Newsletter: How is Violence Framed and Treated in Relation to Gender?

What role does religion—and particularly Islam—play in naming, framing, and governing violence against women (VAW) and gender-based violence (GBV)?

December 26, 2017

The Center held a two-day workshop, Religion and the Global Framing of Gendered Violence, led by Professor Lila Abu-Lughod, Joseph L. Buttenwieser Professor of Social Science at Columbia University, on September 11-12, 2017. The workshop brought together 17 scholars, journalists, and activists from the MENA region to discuss the role of religion in naming, framing, and governing gendered violence. The discussions addressed comparative questions about the forms and politics of inquiry, techniques of measurement, and technologies of intervention that are being used to frame and treat the issue of violence in relation to gender. Participants, coming from the Middle East and South Asia, presented a paper surrounding one of the three themes for discussion which included: framing of gender based violence, physics of power behind the industry, and alternative initiatives to countering GBV.

Among the issues that were addressed include child marriage in Bangladesh, women’s entry to shrines in India, women’s activist organizations in Iraq, Jordan, and Gaza, gender violence in revolutionary Egypt and Occupied East Jerusalem, struggles over rape law in Jordan, sexual violence for political prisoners in Iran, targeting of Muslim minorities in Europe, and GBV in U.S executive orders and counter-terrorism.

The disciplinary and professional diversity of the working group led to intense discussion of the narratives and framing of GBV and its relationship to Islam, revealing surprising commonalities across contexts and sparking intellectual synergies. Workshop participants came to an agreement that exploring governance and resource distribution are key to understanding the global GBV agenda.

An honest critical exchange of experiences, ideas, and knowledge took place as participants shared a commitment to advancing understanding of the challenges faced by those who feel the urgency of addressing gender violence. The workshop closed with invitations to a private viewing of Widad Kawar’s collection of Palestinian and Jordanian women’s dress at Tiraz and a dinner hosted by Nissreen Haram to introduce the group to the wider dynamic scene in Amman of lawyers, artists, scholars, politicians, activists, social philanthropists, and entrepreneurs.

This workshop was supported by a grant from the Henry Luce Foundation, Religion and the Global Framing of Gender Violence, which is co-directed by Lila Abu-Lughod, Rema Hammami, Janet Jakobsen, and Nadera Shalhoub-Kevorkian.

Participants included:

  • Amal Ghandour, Strategy Adviser to Ruwwad al Tanmeyah, a regional community development initiative, and Special Adviser to Columbia Global Centers | Amman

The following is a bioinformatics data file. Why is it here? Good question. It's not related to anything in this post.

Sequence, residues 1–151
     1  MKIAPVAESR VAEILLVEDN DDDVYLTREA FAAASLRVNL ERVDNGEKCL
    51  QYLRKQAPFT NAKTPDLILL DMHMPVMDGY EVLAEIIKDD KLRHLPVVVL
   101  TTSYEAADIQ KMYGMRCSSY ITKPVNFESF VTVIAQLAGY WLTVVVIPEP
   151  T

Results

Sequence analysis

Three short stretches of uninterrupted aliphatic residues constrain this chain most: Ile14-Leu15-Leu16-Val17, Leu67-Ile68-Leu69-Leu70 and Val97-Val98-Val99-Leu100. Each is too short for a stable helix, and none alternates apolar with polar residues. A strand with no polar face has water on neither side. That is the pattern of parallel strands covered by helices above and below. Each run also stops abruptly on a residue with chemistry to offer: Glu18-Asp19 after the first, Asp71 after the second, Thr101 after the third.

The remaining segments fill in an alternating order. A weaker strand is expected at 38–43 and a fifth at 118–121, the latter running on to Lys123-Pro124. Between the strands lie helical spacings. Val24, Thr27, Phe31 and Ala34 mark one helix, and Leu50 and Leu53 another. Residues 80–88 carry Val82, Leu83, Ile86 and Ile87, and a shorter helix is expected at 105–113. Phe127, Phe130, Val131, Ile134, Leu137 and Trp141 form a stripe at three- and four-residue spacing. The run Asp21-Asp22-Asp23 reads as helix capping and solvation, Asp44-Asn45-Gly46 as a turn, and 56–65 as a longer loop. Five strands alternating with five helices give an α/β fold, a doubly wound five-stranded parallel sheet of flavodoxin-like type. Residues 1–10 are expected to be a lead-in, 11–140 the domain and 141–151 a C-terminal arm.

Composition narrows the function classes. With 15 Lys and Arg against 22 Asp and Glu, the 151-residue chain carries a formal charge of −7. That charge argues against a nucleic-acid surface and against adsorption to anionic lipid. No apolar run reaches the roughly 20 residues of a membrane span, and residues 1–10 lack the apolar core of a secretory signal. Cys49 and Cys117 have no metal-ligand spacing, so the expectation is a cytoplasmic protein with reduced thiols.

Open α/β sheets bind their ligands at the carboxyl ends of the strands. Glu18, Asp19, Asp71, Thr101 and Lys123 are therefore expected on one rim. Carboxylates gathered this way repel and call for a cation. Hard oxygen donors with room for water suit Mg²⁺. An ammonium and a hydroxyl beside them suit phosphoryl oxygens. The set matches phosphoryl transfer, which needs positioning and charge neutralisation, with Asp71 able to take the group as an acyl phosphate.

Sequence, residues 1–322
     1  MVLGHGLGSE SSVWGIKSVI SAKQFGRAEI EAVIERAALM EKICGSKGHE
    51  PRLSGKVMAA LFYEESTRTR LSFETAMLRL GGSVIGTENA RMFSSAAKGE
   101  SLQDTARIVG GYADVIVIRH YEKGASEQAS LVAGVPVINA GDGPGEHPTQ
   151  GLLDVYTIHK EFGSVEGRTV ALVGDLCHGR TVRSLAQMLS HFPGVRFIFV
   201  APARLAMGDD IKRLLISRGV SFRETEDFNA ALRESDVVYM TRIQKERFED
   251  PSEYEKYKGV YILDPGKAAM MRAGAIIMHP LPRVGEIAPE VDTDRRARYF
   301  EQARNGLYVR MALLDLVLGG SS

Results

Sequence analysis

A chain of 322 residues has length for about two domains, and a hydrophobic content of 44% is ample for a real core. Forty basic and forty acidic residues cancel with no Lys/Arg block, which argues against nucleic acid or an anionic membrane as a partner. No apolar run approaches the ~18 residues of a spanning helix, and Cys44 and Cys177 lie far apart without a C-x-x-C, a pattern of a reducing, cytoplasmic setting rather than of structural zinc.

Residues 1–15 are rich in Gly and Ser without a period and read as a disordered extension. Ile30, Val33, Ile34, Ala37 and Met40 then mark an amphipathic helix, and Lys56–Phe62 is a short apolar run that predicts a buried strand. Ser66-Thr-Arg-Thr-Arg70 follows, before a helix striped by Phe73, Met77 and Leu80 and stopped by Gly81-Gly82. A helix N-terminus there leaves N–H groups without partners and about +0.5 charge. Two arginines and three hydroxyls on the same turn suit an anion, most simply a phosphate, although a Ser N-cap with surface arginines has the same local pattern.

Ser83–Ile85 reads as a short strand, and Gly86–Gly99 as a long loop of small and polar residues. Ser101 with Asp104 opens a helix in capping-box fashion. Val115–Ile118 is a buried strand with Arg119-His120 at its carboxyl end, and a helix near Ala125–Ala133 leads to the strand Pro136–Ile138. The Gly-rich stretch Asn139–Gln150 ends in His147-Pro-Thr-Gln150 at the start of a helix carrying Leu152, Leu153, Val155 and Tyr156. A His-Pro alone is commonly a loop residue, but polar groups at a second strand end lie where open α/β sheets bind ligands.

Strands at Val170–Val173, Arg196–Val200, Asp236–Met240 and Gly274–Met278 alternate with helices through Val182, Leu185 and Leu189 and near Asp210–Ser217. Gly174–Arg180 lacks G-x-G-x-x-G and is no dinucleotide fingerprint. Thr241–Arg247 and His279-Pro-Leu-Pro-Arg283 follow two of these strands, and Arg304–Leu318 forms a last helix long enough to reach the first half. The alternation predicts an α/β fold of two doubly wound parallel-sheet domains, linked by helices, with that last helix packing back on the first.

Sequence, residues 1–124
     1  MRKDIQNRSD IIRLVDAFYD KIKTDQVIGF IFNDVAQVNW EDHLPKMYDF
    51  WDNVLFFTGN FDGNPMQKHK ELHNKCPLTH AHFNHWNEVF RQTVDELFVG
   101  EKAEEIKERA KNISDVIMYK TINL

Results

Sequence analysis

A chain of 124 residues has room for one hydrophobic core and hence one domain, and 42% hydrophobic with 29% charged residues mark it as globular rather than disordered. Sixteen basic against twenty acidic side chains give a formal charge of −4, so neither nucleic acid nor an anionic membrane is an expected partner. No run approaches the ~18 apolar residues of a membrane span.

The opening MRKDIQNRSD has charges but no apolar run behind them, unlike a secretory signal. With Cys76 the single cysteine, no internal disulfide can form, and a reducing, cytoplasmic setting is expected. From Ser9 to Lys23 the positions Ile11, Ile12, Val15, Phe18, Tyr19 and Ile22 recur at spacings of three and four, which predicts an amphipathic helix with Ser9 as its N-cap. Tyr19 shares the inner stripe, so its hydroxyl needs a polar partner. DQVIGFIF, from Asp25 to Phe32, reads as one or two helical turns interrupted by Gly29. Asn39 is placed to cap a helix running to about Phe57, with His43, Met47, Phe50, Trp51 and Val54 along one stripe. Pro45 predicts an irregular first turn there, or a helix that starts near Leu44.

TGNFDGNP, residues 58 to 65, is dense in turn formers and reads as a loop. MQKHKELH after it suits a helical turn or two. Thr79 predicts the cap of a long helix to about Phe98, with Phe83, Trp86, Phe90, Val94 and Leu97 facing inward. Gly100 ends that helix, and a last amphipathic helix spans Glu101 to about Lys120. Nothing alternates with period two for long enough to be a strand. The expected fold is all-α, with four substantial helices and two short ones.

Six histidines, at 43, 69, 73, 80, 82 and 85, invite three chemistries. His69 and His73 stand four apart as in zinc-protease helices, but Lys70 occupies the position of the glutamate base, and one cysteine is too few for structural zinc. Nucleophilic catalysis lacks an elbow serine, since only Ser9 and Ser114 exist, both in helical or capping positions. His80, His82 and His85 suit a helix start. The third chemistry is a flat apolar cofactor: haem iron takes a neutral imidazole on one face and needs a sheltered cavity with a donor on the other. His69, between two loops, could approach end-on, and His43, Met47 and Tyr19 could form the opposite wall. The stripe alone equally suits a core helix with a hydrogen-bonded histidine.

• Dina M. Siddiqi, Professor of Anthropology at BRAC University
  • Eva Abu-Halaweh, Executive Director of the Mizan Law Group for Human Rights
  • Hadeel Aziz, the Executive Director of the Justice Center for Legal Aid in Jordan
  • Hala Ghosheh, gender expert and development consultant and former Director of the five-year Gender Social Fund in Jordan
  • Janet R. Jakobsen, Ann Whitney Olin Professor of Women’s Gender and Sexuality Studies, former Director of the Center for Research on Women at Barnard College and former Dean for Faculty Diversity and Development
  • Leti Volpp, Leslie Kay Raven Professor of Law at University of California Berkeley Boalt School of Law
  • Lila Abu-Lughod, Joseph L. Buttenwieser Professor of Social Science at Columbia University
  • Nadera Shalhoub-Kevorkian, Lawrence D. Biele Chair in Law at the Faculty of Law-Institute of Criminology and the School of Social Work and Public Welfare at the Hebrew University of Jerusalem
  • Nissreen Al-Haram, holds a B.A. in economics from Mount           Holyoke College in Massachusetts and an  M.A. in Islamic Studies from McGill University in Montreal
  • Qudsiya Contractor, Assistant Professor at the Tata Institute of Social Sciences Centre for Study of Social Exclusion and Inclusive Policies, School of Research Methodology
  • Rema Hammami, Associate Professor of Anthropology at Birzeit University and founding director of the graduate program in Gender, Law and Development
  • Sara Ababneh, Assistant Professor at the University of Jordan Center for Strategic Studies
  • Shahla Talebi, scholar of religions, 2006 Newcombe Fellow, and Associate Professor at Arizona State University
  • Soraida Hussein, General Director of the Women’s Affairs Technical Committee
  • Wafa Al-Khadra, University Professor and Dean of Faculty of Languages and Communication at the American University of Madaba
  • Zahra Ali, Assistant Professor of Sociology at Rutgers, Newark

A report of the conference findings is available online at the Columbia University Center for the Study of Social Difference website.

Lila Abu-Lughod also delivered a public talk at the Center, titled Muslim Women and the "Right to Choose Freely," on September 13 as part of the annual speaker series program. In the talk, Lila addressed what we learn from public debates about Muslim women that hinge on a right—the “right to choose freely”—that has been enshrined in international feminist conventions and that animates the popular American and European imagination about such practices as veiling and arranged marriage.